Raleigh, N.C. — Welcome to Today @NCCapitol for Wednesday, Jan 28. Here's what's going on in and around the legislature.
They're back: With the House and Senate set to convene their sessions at high noon, those with interests in changing state law are also assembling in Raleigh.
Religious freedom: Expect much discussion of some very different interpretations of religious freedom over the next week or so.
The North Carolina Values Coalition is hosting a briefing for lawmakers at 4:30 p.m. to outline a Religious Freedom Restoration Act, which would be modeled on a 1993 federal law. Opponents of the law have drawn an immediate line to magistrates' refusals to perform same-sex marriages, but Rep. Paul "Skip" Stam, R-Wake, said a state bill would apply to much more. "It's aimed at dozens of things," he said.
Opponents of the bill, led by Equality NC, will appear at a 10 a.m. presser hosted by, among others, Rep. Grier Martin, D-Wake, in the legislative press room.
Moral Monday on Wednesday: The folks who conducted the "Moral Monday" protests last session say they will be holding a "Preach-In and Pray-In For Moral Agenda" starting at 11 a.m.
The other chamber: The North Carolina Chamber will hold a news conference pushing "forward-thinking solutions to North Carolina’s transportation funding crisis" at 10 a.m. at the Hyatt on Corporate Center Drive.
And on the inside: The most action might be in the Senate and House clerks' offices, where members will begin filing bills for the session. Bill filing deadlines are posted on the legislature's website.
In the Senate: When asked what the Senate would be doing this week, Rules Committee Chairman Tom Apodaca said, "Nothing that I know of." Both House and Senate leaders said they expected committees to begin moving legislation next week.
In the House: "It's going to take a while to hand out all those gavels," said Rep. Charles Jeter, R-Mecklenburg, the Republican conference chairman.
Speaker Tim Moore announced his appointments for committee chairmen and vice chairmen on Tuesday. The remainder of the committee assignments should be made on the House floor Wednesday if not before, said Jeter and Rules Committee Chairman David Lewis. Much of the House session Wednesday will be taken up by a tradition in which committee chairmen are called to the front of the chamber to receive their gavels.
The gavel lottery: Much has already been made of the fact that Rep. Julia Howard, R-Davie, will no longer serve as a chairwoman of the House Finance Committee.
Also well marked around the Legislative Building was the fact that Rep. Justin Burr, R-Stanly, one of the youngest members of the General Assembly, lost his seat as a big chair of the Appropriations Committee and his post as a vice chairman of the powerful Rules Committee. Burr was a candidate for the speaker's job and a letter he sent during the course of the campaign for the job was viewed as a swipe at both former Speaker Thom Tillis and Moore, R-Cleveland, who served as Rules Committee chairman under Tillis.
But that's enough gloom. Who was happy Tuesday to see the list of chairmanships? At least a few folks:
DHHS, ACO advocates: In the push-and-pull between those pushing for Medicaid reform, the House has always been seen as much friendlier to the governor's pursuit of a system that develops home-grown accountable care organizations. With Rep. Nelson Dollar, R-Wake, still senior chairman of the Appropriations Committee and Rep. Marilyn Avila, R-Wake, a co-chairwoman of the budget subcommittee on Health and Human Services, indications are that's still the inclination of House leaders.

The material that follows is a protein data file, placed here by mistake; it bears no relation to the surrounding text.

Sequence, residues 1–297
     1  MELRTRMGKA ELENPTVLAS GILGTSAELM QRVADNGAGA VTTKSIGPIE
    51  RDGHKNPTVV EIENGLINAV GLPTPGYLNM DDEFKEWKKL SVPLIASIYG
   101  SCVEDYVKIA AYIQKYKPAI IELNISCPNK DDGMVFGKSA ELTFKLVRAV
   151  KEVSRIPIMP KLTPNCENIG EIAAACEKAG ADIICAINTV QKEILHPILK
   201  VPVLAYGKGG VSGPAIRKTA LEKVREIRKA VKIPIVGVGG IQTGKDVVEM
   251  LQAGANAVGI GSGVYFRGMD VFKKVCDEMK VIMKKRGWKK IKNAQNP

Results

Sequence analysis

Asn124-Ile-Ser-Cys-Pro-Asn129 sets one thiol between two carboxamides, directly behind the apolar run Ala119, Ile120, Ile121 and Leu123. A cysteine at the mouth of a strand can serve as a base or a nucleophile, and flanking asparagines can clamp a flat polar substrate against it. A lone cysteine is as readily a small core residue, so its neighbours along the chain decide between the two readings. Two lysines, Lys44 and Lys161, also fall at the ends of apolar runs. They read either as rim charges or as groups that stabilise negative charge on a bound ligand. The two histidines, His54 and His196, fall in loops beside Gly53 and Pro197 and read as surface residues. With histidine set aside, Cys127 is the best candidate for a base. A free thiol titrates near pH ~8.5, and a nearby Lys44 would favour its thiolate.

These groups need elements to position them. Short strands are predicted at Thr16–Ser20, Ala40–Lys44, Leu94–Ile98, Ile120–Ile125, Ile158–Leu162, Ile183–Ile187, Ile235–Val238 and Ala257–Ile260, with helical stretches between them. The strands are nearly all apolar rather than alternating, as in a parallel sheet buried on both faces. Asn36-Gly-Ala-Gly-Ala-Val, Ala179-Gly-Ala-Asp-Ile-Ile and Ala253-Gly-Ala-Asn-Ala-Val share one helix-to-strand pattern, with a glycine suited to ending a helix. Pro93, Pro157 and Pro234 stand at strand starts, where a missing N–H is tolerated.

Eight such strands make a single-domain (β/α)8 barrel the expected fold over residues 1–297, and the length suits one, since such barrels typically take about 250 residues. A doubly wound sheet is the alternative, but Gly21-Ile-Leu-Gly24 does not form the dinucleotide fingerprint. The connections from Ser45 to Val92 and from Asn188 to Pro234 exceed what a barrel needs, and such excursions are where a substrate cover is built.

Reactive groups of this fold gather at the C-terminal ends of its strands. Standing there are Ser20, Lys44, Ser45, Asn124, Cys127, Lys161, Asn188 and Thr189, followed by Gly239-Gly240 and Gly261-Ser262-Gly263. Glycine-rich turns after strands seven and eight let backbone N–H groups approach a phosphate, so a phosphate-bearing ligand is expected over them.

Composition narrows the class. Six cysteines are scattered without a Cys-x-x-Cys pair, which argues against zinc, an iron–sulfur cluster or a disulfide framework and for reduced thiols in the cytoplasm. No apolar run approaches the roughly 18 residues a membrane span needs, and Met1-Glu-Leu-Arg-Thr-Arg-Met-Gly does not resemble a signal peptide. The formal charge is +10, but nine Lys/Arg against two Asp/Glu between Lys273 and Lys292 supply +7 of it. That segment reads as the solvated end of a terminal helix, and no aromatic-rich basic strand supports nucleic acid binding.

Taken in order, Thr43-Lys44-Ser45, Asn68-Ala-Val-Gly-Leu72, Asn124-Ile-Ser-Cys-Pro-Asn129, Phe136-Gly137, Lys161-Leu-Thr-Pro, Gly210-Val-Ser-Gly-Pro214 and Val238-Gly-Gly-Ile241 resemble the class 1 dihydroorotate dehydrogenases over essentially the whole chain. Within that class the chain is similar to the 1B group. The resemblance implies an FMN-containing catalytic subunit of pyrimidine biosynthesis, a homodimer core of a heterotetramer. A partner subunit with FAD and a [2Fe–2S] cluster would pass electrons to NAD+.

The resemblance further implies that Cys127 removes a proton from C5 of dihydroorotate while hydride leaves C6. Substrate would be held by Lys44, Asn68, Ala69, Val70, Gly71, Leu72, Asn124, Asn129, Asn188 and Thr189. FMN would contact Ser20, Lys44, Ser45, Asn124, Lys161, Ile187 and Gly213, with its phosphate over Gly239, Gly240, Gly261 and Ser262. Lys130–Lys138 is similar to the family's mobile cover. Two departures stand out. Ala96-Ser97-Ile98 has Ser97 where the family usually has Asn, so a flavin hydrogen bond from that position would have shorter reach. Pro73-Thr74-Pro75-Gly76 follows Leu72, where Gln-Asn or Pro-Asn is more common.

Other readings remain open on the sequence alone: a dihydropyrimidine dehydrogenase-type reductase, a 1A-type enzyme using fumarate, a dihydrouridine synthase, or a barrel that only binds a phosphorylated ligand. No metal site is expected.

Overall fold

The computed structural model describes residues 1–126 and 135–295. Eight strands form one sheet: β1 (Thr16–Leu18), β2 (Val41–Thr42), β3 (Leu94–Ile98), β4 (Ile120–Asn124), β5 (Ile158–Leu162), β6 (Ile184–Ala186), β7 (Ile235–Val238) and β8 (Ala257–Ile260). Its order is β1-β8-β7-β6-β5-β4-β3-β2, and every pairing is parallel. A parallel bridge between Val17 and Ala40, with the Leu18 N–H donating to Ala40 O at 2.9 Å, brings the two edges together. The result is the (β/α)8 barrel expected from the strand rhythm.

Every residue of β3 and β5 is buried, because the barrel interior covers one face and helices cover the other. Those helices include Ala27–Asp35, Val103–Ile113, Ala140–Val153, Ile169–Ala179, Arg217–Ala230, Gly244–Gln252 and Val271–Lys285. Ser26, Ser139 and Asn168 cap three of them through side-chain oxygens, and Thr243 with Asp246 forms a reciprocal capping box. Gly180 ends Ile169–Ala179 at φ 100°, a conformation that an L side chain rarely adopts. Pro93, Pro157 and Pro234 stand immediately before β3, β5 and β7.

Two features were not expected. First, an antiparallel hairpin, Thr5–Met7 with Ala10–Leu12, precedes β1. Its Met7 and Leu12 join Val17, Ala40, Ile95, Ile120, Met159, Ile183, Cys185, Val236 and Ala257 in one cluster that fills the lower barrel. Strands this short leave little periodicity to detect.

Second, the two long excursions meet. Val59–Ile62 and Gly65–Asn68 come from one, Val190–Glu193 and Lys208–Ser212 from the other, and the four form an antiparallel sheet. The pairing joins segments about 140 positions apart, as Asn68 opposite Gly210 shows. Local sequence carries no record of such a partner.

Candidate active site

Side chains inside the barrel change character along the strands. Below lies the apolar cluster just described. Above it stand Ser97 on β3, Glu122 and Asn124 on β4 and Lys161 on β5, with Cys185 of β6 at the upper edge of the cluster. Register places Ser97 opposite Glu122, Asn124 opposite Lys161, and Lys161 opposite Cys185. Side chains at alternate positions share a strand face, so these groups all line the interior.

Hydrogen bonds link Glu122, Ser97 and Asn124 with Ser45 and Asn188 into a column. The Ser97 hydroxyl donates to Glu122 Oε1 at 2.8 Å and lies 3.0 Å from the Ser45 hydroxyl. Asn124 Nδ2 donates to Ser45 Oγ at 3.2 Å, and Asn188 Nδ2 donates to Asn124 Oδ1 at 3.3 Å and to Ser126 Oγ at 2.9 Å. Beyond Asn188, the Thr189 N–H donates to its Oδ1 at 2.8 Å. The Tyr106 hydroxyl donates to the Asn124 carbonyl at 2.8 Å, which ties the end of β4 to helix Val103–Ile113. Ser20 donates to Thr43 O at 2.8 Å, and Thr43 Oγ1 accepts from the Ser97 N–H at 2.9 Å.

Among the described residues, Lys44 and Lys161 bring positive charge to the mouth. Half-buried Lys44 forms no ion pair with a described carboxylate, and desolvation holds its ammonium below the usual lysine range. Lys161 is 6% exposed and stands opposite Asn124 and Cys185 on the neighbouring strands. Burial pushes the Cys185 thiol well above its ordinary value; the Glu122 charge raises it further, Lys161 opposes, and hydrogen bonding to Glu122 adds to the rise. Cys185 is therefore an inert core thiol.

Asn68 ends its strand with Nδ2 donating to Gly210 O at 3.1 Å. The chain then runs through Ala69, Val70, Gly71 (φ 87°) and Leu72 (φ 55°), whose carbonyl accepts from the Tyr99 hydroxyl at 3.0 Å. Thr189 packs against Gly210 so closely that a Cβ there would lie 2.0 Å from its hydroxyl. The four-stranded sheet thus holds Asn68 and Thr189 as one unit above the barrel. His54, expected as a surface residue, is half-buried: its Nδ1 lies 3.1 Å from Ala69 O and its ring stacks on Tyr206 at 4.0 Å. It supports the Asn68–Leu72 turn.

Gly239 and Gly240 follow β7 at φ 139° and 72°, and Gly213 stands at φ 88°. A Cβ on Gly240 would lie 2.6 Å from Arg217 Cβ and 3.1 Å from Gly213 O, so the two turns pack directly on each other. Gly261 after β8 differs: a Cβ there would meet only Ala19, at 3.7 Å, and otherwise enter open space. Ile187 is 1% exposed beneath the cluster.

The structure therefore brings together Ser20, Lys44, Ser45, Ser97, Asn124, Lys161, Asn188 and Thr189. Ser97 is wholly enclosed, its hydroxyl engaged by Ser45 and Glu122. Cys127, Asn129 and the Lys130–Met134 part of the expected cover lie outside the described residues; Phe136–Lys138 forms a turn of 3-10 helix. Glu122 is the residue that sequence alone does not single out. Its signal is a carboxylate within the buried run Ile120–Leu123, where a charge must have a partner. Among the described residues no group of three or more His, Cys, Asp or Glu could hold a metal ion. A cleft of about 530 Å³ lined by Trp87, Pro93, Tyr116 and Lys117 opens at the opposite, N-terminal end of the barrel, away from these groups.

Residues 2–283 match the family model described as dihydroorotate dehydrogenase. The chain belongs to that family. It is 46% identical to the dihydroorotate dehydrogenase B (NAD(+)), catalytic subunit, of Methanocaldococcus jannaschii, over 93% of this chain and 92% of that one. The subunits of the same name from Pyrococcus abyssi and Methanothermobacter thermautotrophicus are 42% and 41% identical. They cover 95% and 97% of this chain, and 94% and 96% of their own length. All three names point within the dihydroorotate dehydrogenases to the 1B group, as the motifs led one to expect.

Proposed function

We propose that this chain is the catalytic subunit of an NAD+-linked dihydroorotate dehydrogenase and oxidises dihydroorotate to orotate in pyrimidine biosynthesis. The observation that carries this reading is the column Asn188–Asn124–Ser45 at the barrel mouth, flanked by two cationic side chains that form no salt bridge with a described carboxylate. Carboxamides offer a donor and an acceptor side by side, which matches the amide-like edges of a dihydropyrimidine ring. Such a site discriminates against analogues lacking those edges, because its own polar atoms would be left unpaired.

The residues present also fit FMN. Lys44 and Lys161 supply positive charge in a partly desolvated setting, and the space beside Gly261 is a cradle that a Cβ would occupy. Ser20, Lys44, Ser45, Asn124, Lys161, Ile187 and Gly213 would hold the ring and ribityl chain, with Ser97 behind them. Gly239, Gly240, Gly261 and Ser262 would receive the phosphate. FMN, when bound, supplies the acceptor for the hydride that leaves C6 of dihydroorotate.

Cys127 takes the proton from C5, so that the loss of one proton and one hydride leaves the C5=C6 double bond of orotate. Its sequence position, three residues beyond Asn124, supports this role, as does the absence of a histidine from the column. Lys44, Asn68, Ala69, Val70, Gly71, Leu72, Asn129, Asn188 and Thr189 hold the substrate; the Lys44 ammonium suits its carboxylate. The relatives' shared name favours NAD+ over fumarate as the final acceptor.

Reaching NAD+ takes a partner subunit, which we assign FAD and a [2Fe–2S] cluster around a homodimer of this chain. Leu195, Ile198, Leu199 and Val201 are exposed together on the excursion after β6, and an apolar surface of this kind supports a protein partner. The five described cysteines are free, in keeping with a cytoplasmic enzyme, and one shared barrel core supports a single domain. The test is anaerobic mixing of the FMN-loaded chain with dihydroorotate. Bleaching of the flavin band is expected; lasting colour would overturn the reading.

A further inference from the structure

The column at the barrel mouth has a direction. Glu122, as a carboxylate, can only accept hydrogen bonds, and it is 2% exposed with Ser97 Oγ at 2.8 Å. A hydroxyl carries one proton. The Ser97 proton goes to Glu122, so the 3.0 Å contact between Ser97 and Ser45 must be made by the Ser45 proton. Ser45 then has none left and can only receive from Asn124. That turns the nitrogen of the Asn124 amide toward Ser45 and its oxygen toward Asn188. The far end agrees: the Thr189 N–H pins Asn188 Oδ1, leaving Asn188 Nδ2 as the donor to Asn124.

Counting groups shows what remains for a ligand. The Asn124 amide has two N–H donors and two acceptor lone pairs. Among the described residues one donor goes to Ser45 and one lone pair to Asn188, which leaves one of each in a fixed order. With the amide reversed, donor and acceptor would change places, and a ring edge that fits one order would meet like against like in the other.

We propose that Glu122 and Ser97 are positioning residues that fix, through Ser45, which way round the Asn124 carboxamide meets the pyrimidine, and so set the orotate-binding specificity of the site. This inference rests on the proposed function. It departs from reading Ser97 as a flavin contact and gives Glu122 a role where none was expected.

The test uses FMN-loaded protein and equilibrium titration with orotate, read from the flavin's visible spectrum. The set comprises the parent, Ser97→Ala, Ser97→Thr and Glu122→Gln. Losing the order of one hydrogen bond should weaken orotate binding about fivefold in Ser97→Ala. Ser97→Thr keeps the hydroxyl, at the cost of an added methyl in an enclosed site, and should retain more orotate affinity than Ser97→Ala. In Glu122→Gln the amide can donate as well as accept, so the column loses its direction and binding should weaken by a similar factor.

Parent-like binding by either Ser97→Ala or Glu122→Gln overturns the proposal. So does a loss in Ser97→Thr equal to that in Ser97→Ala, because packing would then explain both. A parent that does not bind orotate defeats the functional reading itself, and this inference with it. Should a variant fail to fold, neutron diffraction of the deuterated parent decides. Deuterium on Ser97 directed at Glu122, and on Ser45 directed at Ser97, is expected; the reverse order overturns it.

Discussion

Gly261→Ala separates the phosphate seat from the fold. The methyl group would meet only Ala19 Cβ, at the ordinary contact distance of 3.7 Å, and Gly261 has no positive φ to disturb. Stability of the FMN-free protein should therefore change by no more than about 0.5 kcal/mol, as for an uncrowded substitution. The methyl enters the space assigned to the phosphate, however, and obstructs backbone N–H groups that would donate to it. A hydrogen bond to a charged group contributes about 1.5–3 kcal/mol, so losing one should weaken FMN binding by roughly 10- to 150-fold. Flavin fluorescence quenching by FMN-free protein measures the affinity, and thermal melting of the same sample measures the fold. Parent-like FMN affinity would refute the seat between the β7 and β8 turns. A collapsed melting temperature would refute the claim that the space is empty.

Moderates: There aren't a ton of self-identified moderates running around the 75-member House Republican caucus, but those who might be seen as middle of the road, at least on some issues, did well. Jeter will co-chair the Banking Committee. Democrat-turned-unaffiliated member Paul Tine, U-Dare, will be one of the chairmen of the budget subcommittee on transportation and a vice chairman of the Insurance Committee. Rep. Jason Saine, R-Lincoln, who probably wouldn't self-identify as a moderate but is known as one of the chamber's more pragmatic members, will serve as both a chairman of the powerful Finance Committee and as chairman of the appropriations subcommittee on information technology.
Lawyers: With four Judiciary committees in the House, there's no shortage of gavels for those with JDs.
New Committee: The House will add a new budget subcommittee on capital – think borrowing and big budget items – according to Lewis. The subcommittee is being put together to handle what is expected to be a request from McCrory for a $1 billion-plus package of borrowing for infrastructure.
State of the State: The one bit of business that Apodaca, Jeter and Lewis said would likely get done Wednesday was a resolution that invites Gov. Pat McCrory to give his State of the State address next week. Although these joint sessions are often held on a Monday night, someone seems to have taken notice that next Monday night will find the UNC men's basketball team hosting Virginia. McCrory's office would not confirm a date for next week, but lawmakers say they expect to hear from the governor either Feb. 3 or Feb. 4.